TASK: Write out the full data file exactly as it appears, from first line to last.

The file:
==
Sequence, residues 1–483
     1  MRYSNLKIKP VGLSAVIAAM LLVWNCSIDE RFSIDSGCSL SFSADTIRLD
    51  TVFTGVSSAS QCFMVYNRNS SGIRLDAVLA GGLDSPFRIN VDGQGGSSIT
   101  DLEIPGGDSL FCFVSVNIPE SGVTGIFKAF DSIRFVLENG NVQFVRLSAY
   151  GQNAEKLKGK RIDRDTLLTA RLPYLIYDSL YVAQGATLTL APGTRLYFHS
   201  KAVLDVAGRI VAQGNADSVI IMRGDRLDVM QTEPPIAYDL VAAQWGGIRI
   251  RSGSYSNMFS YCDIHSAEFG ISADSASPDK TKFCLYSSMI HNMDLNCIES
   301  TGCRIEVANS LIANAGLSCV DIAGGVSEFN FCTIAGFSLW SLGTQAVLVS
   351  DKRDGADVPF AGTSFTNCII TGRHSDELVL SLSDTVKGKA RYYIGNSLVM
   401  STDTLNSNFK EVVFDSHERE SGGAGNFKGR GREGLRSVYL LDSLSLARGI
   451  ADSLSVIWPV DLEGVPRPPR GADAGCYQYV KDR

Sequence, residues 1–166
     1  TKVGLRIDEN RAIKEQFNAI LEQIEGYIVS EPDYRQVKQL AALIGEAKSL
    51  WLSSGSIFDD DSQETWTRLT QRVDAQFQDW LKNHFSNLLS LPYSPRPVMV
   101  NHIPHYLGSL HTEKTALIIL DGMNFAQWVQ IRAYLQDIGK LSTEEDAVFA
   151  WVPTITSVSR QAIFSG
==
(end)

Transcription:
Sequence, residues 1–483
     1  MRYSNLKIKP VGLSAVIAAM LLVWNCSIDE RFSIDSGCSL SFSADTIRLD
    51  TVFTGVSSAS QCFMVYNRNS SGIRLDAVLA GGLDSPFRIN VDGQGGSSIT
   101  DLEIPGGDSL FCFVSVNIPE SGVTGIFKAF DSIRFVLENG NVQFVRLSAY
   151  GQNAEKLKGK RIDRDTLLTA RLPYLIYDSL YVAQGATLTL APGTRLYFHS
   201  KAVLDVAGRI VAQGNADSVI IMRGDRLDVM QTEPPIAYDL VAAQWGGIRI
   251  RSGSYSNMFS YCDIHSAEFG ISADSASPDK TKFCLYSSMI HNMDLNCIES
   301  TGCRIEVANS LIANAGLSCV DIAGGVSEFN FCTIAGFSLW SLGTQAVLVS
   351  DKRDGADVPF AGTSFTNCII TGRHSDELVL SLSDTVKGKA RYYIGNSLVM
   401  STDTLNSNFK EVVFDSHERE SGGAGNFKGR GREGLRSVYL LDSLSLARGI
   451  ADSLSVIWPV DLEGVPRPPR GADAGCYQYV KDR

Sequence, residues 1–166
     1  TKVGLRIDEN RAIKEQFNAI LEQIEGYIVS EPDYRQVKQL AALIGEAKSL
    51  WLSSGSIFDD DSQETWTRLT QRVDAQFQDW LKNHFSNLLS LPYSPRPVMV
   101  NHIPHYLGSL HTEKTALIIL DGMNFAQWVQ IRAYLQDIGK LSTEEDAVFA
   151  WVPTITSVSR QAIFSG